The opening shot is of someone dressed in all silver, face covering and all, that I can only describe as afro-magical, or perhaps Astro-mystical. He is an elusive figure that seems to haunt audiences throughout the film, as he is there, and then not. Something like a trickster character, I interpret his work to tether us between time zones, as the story takes place between the 1750s and present day.

Perhaps this movement back to the past with whispers of today is meant to remind us that freedom is elusive, a constant struggle that takes two steps forward and one step back. Freedom here is not depicted as futuristic, but instead brings us back to a past where choices and conditions create the shapes we now recognize as culture and policy.

Several of the frames in the film are peppered with Fantastic Negrito and his band playing their music, detached from the scene. The artists are in cages, chicken coups, and other settings in the outdoors. This imagery serves to remind us that in his real life, he is a farmer. His practice reminds us that growing our own food, having our own relationships with the land is not a practice of slavery, but is a spiritual experience of being one with nature, and living outside of the consumerist grid. What can we make with our own two hands? What skills do we need but have lost? The entire experience brought many ancestral questions to the fore.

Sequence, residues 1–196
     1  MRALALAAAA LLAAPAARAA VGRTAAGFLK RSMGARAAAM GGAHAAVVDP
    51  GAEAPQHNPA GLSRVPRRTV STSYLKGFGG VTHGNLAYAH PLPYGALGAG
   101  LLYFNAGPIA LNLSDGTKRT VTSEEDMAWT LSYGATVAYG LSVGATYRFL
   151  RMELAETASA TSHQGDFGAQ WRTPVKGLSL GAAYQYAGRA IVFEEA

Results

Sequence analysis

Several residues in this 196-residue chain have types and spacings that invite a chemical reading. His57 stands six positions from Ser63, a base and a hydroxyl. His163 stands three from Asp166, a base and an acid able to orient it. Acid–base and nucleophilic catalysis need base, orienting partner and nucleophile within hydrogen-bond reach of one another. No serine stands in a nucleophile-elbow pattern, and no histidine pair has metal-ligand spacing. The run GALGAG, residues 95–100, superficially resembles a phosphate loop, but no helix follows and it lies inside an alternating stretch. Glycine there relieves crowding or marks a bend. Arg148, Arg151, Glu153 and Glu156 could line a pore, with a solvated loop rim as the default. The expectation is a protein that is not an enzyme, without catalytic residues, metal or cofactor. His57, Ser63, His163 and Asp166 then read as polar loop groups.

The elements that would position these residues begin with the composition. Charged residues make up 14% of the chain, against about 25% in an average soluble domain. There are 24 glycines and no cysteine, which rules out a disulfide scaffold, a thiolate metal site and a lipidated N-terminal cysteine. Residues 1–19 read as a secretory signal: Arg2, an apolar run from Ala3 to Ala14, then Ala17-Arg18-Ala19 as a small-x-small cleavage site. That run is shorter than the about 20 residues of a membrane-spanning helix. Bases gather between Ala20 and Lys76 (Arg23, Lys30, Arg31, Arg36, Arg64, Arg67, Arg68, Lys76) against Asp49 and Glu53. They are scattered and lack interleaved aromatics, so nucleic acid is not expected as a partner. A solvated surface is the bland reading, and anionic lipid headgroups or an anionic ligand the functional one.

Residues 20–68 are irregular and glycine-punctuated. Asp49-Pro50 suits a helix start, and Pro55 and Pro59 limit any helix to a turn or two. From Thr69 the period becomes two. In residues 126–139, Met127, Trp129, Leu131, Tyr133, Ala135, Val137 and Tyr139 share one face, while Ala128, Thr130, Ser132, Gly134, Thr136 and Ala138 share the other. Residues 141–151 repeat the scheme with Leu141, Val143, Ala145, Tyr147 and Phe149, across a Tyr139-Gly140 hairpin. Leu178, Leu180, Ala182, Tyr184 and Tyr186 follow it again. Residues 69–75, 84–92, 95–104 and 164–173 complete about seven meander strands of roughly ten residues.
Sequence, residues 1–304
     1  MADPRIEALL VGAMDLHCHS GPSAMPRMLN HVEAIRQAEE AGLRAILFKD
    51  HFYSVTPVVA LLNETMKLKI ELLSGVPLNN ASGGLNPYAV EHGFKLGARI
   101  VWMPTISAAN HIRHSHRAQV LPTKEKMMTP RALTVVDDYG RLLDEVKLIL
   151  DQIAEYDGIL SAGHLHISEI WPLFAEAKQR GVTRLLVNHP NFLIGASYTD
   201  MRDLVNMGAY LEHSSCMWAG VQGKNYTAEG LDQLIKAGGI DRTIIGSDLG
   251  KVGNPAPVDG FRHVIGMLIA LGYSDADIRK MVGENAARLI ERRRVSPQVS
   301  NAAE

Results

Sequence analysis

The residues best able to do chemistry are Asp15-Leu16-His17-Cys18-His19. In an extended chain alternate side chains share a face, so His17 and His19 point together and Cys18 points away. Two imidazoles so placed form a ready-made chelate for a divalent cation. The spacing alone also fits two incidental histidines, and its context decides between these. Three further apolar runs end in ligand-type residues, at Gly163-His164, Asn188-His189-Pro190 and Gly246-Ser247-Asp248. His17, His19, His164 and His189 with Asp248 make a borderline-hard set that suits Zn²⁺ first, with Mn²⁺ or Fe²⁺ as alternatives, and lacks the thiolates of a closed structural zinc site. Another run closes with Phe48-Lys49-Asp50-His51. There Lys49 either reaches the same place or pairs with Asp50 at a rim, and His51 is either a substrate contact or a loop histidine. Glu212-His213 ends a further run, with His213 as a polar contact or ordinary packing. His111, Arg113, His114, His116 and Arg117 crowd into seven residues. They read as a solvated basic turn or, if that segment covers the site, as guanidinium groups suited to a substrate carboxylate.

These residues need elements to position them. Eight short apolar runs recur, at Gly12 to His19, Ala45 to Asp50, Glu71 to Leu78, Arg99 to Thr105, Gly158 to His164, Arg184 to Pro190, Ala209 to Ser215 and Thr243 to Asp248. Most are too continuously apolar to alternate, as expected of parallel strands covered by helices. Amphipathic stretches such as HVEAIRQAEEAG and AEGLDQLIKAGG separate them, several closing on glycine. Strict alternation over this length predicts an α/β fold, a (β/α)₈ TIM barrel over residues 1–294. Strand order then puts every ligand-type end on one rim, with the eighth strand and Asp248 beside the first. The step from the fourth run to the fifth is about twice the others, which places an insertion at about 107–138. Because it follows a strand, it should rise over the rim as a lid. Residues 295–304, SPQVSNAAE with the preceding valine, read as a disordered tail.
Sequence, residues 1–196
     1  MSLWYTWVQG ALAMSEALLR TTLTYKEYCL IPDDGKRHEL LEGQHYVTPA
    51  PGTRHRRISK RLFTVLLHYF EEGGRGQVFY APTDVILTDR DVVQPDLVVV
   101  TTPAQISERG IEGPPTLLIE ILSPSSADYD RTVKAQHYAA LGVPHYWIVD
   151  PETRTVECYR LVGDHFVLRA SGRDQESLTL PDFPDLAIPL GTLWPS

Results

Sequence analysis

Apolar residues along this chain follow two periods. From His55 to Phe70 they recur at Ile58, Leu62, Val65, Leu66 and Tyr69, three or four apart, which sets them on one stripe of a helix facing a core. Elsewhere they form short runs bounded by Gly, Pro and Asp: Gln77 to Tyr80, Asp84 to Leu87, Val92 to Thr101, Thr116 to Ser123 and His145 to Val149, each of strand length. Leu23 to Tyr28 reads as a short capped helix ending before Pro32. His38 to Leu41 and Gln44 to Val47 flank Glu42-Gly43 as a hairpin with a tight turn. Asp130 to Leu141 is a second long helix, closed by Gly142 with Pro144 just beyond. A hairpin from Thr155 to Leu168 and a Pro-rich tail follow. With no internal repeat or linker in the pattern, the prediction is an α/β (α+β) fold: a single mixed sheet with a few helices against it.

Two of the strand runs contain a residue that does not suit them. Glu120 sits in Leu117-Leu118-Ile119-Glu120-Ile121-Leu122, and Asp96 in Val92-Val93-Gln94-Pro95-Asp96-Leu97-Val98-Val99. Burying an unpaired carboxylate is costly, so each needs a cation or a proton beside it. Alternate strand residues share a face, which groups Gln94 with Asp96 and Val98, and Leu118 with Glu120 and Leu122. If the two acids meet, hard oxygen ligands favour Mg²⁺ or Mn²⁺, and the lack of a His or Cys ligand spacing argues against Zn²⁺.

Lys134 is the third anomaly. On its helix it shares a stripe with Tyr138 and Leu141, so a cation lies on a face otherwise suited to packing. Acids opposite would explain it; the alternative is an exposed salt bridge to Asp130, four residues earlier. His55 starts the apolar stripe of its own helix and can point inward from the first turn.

When the film was over, Fantastic Negrito, whose given name is Xavier Dphrepaulezz, took to the stage alongside his keyboardist to play an acoustic set of 12 songs from previous albums.